Source: Ford website
Recently, there has been a lot of news coverage about Ford Motor Company (NYSE:F), and there are many excellent articles on Seeking Alpha already, so I will not duplicate the headlines here. Instead, this article's focus is to provide an asset allocation view of why Ford's stock has underperformed.
On many fronts, Ford's business looks like it has outperformed over the last two years. A partial list of their achievements includes:
- In 2016, launched 11 new products including all-new Super-Duty, Focus RS, and Lincoln Continental.
- Had credit ratings upgrades from Moody's, Fitch, and DBRS.
- In 2016, generated $12.9 billion in free cash flow.
- Made significant investments in electrification, autonomy and mobility.
So, why has the market reacted to the stock over the last year? Ford's share price was stuck in a range, and has then dropped 20% since March.
My valuation thesis is that the market is punishing Ford for being an inefficient asset allocator by returning too little cash to shareholders and recycling too much money into its low-return cash and Ford Finance assets.
Ford's Financial Performance and Where Does the Cash Go?
First, let's review Ford's financial performance. I think the best way to evaluate industrial companies like Ford is looking at Free Cash Flow (FCF). FCF is defined as the difference between Cash Flow From Operations (CFFO) and Cash Flow For Investments (CFFI). In plain English, this is what a business generates by selling its products, after paying for producing the products, paying workers, rent, interest, and other overheads, paying taxes, and reinvesting capital to maintain its business. The remaining cash is termed "Free Cash Flow" because it is what is left over for the owners of the business to either withdraw from the business (in the form of dividends) or make new investments to grow the business.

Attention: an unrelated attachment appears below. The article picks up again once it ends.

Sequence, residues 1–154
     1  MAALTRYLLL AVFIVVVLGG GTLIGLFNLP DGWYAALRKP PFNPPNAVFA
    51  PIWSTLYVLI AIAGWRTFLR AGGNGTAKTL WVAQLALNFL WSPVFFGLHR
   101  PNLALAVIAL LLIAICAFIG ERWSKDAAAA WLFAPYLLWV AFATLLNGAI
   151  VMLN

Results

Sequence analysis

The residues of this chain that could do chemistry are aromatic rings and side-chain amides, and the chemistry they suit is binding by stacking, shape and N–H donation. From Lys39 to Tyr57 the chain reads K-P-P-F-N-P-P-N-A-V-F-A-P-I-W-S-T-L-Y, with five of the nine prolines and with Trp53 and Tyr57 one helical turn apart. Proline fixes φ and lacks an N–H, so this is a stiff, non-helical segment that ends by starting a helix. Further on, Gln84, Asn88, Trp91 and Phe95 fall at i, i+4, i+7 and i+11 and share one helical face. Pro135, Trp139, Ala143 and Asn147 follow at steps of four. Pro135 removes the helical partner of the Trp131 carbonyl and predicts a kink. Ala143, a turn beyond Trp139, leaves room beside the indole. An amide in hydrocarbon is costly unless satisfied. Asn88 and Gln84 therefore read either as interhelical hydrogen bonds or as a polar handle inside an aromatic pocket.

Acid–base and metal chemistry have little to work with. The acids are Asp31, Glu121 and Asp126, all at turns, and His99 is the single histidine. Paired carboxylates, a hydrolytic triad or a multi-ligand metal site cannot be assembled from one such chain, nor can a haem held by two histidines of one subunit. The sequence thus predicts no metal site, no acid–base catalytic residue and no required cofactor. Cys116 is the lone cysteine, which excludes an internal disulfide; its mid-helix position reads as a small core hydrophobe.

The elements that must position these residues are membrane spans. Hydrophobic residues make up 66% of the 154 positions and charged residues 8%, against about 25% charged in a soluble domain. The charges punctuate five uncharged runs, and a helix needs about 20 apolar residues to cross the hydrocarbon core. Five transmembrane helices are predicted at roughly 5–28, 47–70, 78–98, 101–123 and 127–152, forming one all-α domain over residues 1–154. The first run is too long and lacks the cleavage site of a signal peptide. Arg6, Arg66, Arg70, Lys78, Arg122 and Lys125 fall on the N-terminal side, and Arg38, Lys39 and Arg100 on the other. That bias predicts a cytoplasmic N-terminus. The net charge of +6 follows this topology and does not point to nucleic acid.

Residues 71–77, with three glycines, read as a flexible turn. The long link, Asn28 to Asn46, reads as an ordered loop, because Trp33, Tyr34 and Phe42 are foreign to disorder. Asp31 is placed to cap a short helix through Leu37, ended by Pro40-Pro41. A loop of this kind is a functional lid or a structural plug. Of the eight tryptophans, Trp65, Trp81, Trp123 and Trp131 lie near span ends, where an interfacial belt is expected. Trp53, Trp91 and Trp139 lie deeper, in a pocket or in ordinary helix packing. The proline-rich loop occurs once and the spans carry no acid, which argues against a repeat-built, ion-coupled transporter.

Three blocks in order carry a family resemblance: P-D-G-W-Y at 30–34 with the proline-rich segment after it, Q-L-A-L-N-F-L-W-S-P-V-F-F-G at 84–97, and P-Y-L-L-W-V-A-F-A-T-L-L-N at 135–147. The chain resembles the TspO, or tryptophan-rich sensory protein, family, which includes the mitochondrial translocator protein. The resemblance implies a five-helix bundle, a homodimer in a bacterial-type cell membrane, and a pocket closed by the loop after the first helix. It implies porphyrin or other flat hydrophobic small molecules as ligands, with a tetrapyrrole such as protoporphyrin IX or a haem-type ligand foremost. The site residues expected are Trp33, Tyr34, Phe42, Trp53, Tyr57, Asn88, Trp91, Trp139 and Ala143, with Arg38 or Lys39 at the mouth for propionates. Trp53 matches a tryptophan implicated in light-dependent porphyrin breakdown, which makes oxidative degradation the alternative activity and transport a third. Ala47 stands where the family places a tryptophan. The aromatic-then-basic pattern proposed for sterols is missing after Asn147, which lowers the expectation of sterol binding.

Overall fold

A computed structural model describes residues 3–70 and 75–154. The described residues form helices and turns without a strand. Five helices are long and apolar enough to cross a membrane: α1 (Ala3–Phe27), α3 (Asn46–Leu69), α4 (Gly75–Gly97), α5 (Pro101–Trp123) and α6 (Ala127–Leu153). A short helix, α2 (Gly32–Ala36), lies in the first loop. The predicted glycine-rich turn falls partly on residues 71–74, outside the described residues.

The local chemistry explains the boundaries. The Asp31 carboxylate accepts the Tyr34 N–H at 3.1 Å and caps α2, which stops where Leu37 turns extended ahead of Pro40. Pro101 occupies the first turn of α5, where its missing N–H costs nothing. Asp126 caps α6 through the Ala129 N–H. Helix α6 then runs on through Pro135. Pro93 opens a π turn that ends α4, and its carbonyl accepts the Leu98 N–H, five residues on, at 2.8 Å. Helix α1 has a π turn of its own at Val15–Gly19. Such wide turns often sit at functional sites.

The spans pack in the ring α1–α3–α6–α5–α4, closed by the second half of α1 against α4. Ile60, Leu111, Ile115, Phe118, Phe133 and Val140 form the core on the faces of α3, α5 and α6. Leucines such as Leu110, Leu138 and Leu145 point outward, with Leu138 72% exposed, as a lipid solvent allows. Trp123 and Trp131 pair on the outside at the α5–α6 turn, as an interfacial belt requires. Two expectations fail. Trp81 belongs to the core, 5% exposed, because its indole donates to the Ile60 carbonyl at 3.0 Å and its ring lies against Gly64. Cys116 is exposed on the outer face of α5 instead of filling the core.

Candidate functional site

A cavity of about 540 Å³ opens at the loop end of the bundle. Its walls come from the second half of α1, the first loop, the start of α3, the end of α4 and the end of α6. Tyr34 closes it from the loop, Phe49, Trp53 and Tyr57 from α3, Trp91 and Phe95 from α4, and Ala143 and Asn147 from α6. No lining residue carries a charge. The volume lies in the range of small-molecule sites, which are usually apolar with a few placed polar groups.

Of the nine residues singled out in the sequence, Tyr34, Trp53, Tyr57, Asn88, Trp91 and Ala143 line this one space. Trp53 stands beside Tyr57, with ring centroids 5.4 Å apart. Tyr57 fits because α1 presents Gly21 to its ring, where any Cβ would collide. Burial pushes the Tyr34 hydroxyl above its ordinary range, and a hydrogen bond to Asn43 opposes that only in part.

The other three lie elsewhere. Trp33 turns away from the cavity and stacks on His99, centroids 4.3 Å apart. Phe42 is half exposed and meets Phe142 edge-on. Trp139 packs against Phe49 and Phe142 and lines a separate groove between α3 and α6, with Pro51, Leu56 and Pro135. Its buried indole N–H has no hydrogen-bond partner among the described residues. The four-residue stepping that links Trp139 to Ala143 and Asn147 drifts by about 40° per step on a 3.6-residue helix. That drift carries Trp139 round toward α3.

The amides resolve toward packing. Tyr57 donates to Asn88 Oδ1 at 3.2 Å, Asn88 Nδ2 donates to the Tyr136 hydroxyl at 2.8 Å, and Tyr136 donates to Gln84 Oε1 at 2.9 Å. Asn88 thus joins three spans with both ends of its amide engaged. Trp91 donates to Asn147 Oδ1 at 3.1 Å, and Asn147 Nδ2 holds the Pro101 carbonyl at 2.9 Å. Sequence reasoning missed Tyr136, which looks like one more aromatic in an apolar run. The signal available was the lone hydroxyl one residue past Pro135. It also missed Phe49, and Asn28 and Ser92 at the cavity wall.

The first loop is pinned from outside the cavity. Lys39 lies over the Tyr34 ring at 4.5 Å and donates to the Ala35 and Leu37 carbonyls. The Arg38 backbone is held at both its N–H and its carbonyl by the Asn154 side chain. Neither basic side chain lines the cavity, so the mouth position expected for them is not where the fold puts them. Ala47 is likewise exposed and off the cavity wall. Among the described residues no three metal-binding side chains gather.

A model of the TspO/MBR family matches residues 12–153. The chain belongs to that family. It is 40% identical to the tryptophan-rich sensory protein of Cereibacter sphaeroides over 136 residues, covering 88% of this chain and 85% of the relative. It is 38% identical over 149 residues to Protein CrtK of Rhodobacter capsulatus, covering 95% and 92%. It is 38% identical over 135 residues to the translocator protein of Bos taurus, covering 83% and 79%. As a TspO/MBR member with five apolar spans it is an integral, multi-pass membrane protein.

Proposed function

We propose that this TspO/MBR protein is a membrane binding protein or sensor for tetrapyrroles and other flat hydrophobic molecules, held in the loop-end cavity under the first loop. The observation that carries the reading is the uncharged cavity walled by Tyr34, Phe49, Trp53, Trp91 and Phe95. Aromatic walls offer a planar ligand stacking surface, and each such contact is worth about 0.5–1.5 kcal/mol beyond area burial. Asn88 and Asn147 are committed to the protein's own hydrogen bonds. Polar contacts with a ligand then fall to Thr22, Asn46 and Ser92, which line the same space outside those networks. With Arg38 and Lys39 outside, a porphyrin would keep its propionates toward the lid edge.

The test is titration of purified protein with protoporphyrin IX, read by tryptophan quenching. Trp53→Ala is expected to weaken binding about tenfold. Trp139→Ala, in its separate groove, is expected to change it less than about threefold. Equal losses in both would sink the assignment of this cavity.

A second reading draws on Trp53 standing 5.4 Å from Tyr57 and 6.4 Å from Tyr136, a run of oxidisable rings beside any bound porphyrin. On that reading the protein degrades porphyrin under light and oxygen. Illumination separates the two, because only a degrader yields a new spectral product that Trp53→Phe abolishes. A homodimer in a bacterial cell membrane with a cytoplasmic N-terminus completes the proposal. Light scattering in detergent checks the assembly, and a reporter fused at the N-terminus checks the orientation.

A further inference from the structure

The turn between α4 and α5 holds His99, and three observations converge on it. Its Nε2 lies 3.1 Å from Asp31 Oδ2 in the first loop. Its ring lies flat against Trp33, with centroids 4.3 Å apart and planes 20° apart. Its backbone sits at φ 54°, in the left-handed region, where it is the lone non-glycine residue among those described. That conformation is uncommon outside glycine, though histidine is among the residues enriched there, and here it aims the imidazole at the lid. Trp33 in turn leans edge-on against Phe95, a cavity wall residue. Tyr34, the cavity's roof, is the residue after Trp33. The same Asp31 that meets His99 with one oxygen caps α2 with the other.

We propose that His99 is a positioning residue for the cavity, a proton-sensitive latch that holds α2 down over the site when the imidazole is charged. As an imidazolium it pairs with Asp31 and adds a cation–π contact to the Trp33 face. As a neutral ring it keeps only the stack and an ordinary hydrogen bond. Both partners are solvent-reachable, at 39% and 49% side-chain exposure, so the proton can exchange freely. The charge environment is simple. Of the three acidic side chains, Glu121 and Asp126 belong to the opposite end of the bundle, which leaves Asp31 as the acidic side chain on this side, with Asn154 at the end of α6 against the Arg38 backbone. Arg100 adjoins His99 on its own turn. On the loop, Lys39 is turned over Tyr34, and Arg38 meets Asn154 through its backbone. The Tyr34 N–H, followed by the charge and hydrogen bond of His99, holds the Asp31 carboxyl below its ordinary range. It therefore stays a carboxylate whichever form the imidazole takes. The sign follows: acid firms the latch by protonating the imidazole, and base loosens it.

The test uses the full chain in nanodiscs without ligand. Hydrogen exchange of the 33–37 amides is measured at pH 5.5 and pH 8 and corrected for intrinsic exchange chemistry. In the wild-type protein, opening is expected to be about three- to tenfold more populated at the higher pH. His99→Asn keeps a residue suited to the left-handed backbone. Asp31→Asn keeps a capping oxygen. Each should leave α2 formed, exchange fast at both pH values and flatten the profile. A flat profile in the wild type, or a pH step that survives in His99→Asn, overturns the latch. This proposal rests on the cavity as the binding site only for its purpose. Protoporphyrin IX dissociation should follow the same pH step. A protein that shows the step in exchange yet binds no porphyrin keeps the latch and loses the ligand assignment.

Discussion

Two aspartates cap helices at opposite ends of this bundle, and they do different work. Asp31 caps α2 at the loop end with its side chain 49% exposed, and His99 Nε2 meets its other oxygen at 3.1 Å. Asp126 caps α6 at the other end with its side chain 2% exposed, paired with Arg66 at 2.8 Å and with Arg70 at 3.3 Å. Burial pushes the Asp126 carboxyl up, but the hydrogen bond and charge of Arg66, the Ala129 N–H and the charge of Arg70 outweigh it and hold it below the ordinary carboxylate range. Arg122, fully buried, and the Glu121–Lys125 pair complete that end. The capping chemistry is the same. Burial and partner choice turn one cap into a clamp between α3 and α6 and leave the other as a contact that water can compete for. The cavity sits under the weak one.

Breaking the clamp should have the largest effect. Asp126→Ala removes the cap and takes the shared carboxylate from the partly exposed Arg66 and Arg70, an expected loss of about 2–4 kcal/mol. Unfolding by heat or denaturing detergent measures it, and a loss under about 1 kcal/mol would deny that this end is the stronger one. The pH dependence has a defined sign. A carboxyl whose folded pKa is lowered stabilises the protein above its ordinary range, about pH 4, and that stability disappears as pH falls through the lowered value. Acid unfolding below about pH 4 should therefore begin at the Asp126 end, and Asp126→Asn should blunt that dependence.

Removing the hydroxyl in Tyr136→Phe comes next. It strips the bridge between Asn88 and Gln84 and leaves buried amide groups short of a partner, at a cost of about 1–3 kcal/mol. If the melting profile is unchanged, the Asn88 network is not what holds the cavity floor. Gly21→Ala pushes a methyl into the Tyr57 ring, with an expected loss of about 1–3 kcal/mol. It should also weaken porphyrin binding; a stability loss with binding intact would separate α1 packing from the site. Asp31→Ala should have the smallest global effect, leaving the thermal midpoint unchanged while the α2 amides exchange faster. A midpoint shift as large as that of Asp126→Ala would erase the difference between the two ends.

Source: Ford SEC Filings and author's calculations
The FCF is the green-tinted Row C of the table above, and it is just the difference between the CFFO (Row A) and the CFFI (Row B). So what did Ford do with their FCF? That is shown in rows D, E, F, and G. Taking 2016 as an example (the right-most row), here is how to interpret the "story" of where the cash came from and where it went:
- $12,862 million was produced as Free Cash Flow by the business (C);
- $9,465 million was raised by net borrowing from the market, or Treasury Operations (G);
- $17,173 million was used to purchase vehicle financing debts (D);
- $3,376 million was paid to shareholders as dividends (E); and
- $145 million was used to repurchase stock.
As you can see, most of cash in 2016 was used for vehicle financing for their Ford Finance business. There is nothing inherently wrong with the Ford Finance business. In an earlier article on GM, I explained how the liabilities of the captive automotive finance arms are covered by the assets and of the finance arm and thus do not pose a material risk to the parent auto companies within the range of credit and vehicle resale value risks that we are seeing in the market. This is also true of Ford, as they manage their finance arm as conservatively as GM does, maintaining a significant asset cushion.
The Asset Allocator's Choice - Ford Compared to GM